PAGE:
One of the more confusing MBS topics is the concept of "dollar rolls."  While it seems esoteric, secondary markets people are implicitly considering the dollar roll market every time they make the judgment to sell one month's settlement over an earlier or later month.  A "roll" is a transaction where a TBA security is bought or sold, and an offsetting trade for a different settlement month is executed simultaneously.  For example, buying 1mm Fannie 3.5s in February and simultaneously selling 1mm Fannie 3.5s in March is trading in a dollar roll.  Rolls are quoted by the price difference between months; as an example, if the price for FN 3.5s in February is 100-00 (par) and the price in March is 99 24/32s, the difference (or "drop") is 8/32s.

A few other terms will be helpful:

  • The early month is referred to as the "front month," and the later month is the "back month."
  • The drop between months is almost always positive (meaning that the front month usually is the higher price)
  • Buying the front month and selling the back month is "buying the roll," while selling the front month and buying the back month is "selling the roll." (To avoid confusion, remember that the person buying anything will make money if it goes up in price; a relative decline in the price of the back month would cause the drop to expand.)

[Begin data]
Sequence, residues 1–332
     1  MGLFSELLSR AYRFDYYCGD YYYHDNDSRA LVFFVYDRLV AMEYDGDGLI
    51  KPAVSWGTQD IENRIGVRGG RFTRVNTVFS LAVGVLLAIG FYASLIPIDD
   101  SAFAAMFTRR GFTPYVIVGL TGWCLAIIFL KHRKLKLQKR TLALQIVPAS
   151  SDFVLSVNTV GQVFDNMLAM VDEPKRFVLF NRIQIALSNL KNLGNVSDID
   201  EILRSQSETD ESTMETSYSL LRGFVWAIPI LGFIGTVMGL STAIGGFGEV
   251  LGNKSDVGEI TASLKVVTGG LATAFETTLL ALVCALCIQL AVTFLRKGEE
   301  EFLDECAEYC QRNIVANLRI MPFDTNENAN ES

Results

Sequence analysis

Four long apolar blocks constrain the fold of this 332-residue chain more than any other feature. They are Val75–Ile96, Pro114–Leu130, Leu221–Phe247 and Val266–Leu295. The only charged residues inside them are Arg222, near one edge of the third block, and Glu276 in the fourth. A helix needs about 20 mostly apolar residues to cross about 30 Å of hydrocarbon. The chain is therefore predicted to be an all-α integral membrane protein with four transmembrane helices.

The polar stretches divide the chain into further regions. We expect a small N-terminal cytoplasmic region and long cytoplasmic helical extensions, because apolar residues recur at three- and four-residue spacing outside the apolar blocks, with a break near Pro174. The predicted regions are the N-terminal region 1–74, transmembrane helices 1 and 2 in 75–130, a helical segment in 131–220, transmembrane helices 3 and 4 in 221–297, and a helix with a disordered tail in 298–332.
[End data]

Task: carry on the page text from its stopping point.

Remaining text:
The reason that the drop is usually positive is that there is economic value to taking delivery of securities (in this case, MBS pools) and holding them for a horizon period, as opposed to buying it for the horizon date.  The value results from carry (i.e., interest accrued from holding the securities over the holding period net of funding costs) and reinvestment income; the holder also accepts the monthly paydowns resulting from scheduled and unscheduled principal payments (i.e., amortizations and prepayments).  (Note that the situation is reversed in the commodities markets.  For example, gold does not pay interest, but can be costly to store; therefore, a buyer of bullion would pay more to buy it for a later settlement.)

Next time:  calculating a roll's "cost of funds," and understanding the technical factors that drive the dollar roll market.